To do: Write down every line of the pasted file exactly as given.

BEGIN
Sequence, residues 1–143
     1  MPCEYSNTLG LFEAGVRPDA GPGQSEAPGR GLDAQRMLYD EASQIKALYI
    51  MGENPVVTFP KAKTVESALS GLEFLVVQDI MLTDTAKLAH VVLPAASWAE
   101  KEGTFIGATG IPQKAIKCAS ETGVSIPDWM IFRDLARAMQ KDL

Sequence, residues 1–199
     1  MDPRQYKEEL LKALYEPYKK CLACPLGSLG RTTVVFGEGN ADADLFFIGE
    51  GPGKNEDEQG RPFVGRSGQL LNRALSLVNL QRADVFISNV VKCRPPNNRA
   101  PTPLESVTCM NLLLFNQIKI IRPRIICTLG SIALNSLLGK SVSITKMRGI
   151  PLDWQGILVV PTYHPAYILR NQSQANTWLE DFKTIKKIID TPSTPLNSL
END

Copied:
Sequence, residues 1–143
     1  MPCEYSNTLG LFEAGVRPDA GPGQSEAPGR GLDAQRMLYD EASQIKALYI
    51  MGENPVVTFP KAKTVESALS GLEFLVVQDI MLTDTAKLAH VVLPAASWAE
   101  KEGTFIGATG IPQKAIKCAS ETGVSIPDWM IFRDLARAMQ KDL

Sequence, residues 1–199
     1  MDPRQYKEEL LKALYEPYKK CLACPLGSLG RTTVVFGEGN ADADLFFIGE
    51  GPGKNEDEQG RPFVGRSGQL LNRALSLVNL QRADVFISNV VKCRPPNNRA
   101  PTPLESVTCM NLLLFNQIKI IRPRIICTLG SIALNSLLGK SVSITKMRGI
   151  PLDWQGILVV PTYHPAYILR NQSQANTWLE DFKTIKKIID TPSTPLNSL